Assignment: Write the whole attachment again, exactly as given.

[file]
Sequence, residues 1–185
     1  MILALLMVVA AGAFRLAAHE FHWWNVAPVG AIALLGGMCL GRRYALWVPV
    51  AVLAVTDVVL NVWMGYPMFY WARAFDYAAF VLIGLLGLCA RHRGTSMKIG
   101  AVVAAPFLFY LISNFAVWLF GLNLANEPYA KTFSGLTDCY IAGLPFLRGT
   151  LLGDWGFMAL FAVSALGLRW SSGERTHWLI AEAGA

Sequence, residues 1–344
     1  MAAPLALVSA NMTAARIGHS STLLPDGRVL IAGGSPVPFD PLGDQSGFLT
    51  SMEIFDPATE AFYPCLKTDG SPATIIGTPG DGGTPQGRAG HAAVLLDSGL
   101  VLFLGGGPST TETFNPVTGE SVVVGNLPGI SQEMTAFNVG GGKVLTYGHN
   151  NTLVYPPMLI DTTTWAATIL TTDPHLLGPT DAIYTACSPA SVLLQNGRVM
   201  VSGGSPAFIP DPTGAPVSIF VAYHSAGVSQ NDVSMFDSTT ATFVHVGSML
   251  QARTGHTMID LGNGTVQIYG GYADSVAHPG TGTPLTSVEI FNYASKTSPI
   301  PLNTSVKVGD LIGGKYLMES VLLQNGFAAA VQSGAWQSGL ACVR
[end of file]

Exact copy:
Sequence, residues 1–185
     1  MILALLMVVA AGAFRLAAHE FHWWNVAPVG AIALLGGMCL GRRYALWVPV
    51  AVLAVTDVVL NVWMGYPMFY WARAFDYAAF VLIGLLGLCA RHRGTSMKIG
   101  AVVAAPFLFY LISNFAVWLF GLNLANEPYA KTFSGLTDCY IAGLPFLRGT
   151  LLGDWGFMAL FAVSALGLRW SSGERTHWLI AEAGA

Sequence, residues 1–344
     1  MAAPLALVSA NMTAARIGHS STLLPDGRVL IAGGSPVPFD PLGDQSGFLT
    51  SMEIFDPATE AFYPCLKTDG SPATIIGTPG DGGTPQGRAG HAAVLLDSGL
   101  VLFLGGGPST TETFNPVTGE SVVVGNLPGI SQEMTAFNVG GGKVLTYGHN
   151  NTLVYPPMLI DTTTWAATIL TTDPHLLGPT DAIYTACSPA SVLLQNGRVM
   201  VSGGSPAFIP DPTGAPVSIF VAYHSAGVSQ NDVSMFDSTT ATFVHVGSML
   251  QARTGHTMID LGNGTVQIYG GYADSVAHPG TGTPLTSVEI FNYASKTSPI
   301  PLNTSVKVGD LIGGKYLMES VLLQNGFAAA VQSGAWQSGL ACVR